I’m in the beginning stage of planning a tiny house project, for reasons similar to Dee’s, blog forthcoming. I have fibromyalgia and my husband has chronic pain due to many spinal injuries from his years as a martial artist. Clearly we are not in a position to be the primary builders of our home but we certainly plan to do most of the finish work. Once the structure can be moved into we plan to do so, and finish it as we go. There are a lot of obstacles not least of which is little money, but people have managed to succeed starting with even less; I do after all have a job, and the will, and the belief.
Having a physical challenge in itself causes one to change priorities, and if it doesn’t, life has a way of changing them for you! Our goal is to own a mortgage free home by the time I retire from State service in around eighteen years. I am so excited to watch this dream unfold!
Dee is an inspiration to us both!
Aaron and Natalie

Moxy - October 26, 2014 Reply

Bob, you expressed so many wonderful points! I am about to become wheelchair-bound, so am paring my possessions (and relationships) down to only those that bring me joy. Things like family & friends, a fireplace, scented candles, a German Shepherd puppy, my grandmother’s dishes. To me, the tiny house movement isn’t about a square footage number, but about appreciating the essentials: love, beauty, and peace.

David Remus - October 26, 2014 Reply

Right to the heart of the matter.

Very good.

Jane - October 26, 2014 Reply

Another good pov, Bob. I agree with you on several points, but I also find that now that I’ve been in the process of downsizing for the last several months, I have to point out a few other things.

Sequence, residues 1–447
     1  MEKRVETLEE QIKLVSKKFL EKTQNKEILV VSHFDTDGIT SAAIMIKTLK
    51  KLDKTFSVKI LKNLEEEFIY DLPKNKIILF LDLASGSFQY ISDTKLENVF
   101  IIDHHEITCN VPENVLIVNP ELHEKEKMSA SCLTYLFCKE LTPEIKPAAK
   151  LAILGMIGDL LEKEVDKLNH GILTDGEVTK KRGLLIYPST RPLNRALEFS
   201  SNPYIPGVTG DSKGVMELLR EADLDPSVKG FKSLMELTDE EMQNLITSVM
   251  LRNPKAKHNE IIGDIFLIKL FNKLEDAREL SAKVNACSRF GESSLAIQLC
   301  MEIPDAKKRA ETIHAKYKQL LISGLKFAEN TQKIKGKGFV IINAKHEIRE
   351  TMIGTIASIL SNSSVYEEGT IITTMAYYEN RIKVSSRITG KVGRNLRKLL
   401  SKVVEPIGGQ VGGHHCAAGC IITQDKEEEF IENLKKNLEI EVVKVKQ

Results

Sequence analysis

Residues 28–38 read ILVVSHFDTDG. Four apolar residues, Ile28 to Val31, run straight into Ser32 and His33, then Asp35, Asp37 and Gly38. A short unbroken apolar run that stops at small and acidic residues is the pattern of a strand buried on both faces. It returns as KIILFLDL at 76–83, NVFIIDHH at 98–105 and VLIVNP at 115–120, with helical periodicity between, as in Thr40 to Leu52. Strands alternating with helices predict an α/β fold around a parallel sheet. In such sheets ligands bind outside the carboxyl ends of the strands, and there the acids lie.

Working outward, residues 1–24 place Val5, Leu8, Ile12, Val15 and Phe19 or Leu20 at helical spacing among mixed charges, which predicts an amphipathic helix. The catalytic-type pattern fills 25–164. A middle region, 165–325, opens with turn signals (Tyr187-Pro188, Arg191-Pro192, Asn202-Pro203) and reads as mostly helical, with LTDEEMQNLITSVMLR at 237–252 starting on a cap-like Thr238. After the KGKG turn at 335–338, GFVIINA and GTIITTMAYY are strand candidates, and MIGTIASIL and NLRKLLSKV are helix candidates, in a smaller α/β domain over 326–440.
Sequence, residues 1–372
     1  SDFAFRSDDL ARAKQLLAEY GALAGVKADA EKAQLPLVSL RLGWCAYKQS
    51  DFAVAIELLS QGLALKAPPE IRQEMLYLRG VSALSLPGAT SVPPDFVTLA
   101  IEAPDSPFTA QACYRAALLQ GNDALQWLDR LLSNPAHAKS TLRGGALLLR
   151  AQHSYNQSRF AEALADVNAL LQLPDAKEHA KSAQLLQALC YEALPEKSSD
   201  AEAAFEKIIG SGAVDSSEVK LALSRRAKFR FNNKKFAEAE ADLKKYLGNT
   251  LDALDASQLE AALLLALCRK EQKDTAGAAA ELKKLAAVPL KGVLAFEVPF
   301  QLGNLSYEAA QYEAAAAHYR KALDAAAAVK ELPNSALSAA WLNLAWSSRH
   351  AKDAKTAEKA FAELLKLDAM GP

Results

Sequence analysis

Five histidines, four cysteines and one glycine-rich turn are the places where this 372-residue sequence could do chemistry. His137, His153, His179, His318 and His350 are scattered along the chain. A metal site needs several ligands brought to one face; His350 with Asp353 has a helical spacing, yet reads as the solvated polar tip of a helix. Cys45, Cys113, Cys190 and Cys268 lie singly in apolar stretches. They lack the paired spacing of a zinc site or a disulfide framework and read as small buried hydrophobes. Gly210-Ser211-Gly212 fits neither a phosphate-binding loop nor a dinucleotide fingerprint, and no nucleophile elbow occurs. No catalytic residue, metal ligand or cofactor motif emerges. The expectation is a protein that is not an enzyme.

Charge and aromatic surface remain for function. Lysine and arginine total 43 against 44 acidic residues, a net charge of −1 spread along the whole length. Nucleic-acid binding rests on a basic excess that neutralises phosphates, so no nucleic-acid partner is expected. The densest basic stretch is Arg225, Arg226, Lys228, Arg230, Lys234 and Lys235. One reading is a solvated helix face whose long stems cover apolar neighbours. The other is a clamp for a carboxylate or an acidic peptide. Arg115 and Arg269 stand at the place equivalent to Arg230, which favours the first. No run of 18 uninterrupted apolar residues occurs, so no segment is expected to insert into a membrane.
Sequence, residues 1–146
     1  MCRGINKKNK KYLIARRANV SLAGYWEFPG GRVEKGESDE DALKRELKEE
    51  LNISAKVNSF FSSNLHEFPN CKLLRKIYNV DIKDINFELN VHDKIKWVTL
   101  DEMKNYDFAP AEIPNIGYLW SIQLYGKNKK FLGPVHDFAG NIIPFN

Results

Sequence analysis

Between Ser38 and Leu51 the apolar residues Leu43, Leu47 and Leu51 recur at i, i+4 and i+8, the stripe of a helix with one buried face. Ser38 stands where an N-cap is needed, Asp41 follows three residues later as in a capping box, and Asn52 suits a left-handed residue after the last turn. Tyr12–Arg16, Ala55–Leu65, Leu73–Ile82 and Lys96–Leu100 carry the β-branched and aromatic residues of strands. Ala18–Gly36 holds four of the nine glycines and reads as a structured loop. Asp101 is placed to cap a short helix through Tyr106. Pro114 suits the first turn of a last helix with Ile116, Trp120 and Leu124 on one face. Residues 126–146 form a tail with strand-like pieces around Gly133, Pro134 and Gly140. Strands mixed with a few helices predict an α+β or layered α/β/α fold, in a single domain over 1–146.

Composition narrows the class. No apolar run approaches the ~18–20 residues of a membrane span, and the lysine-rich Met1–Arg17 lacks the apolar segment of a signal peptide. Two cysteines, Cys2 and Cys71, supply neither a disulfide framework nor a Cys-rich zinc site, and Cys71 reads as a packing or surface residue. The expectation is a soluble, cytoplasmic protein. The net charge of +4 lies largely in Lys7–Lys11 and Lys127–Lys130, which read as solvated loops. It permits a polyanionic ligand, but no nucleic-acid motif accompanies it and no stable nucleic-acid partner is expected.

I have been ill with multiple chemical sensitivity for over 30 years. It turns out that pernicious anemia and hormonal changes combined to make it life-threatening, along with fibromyalgia that incapacitated me. I was lucky enough to find a few doctors and social workers that worked to save my life. I’ve bounced back from 10% to around 60%.
Twelve years ago, a Rush Limbaugh dittohead of a landlord evicted me when the state started paying for my rent, because he didn’t want a ‘welfare queen’ living in his building. Mind you, I had lived there for seven years with no problem.
I became homeless when I was desperately ill, and moved from the pollution of Seattle to an island, in a tent, where I started to regain my health. My things went into storage, and I learned what was really important. When I finally got on SSI, I found housing, and got my stuff back.
I now know what is really necessary for me to live. I have had to move several times because of my health, either from neighbors with diesel trucks, smell from the paper mill 20 miles away when the wind blows from that direction, mold in the walls, or landlords that didn’t believe that I was ill, and did things that endangered my health.
All those mementos are lovely to see, but a PITA to move. Now, I’m finally taking pictures of them, and letting them go to the thrift store here that supports one of the finest food banks in the country. I volunteer there when I’m able, and feel wonderful about it.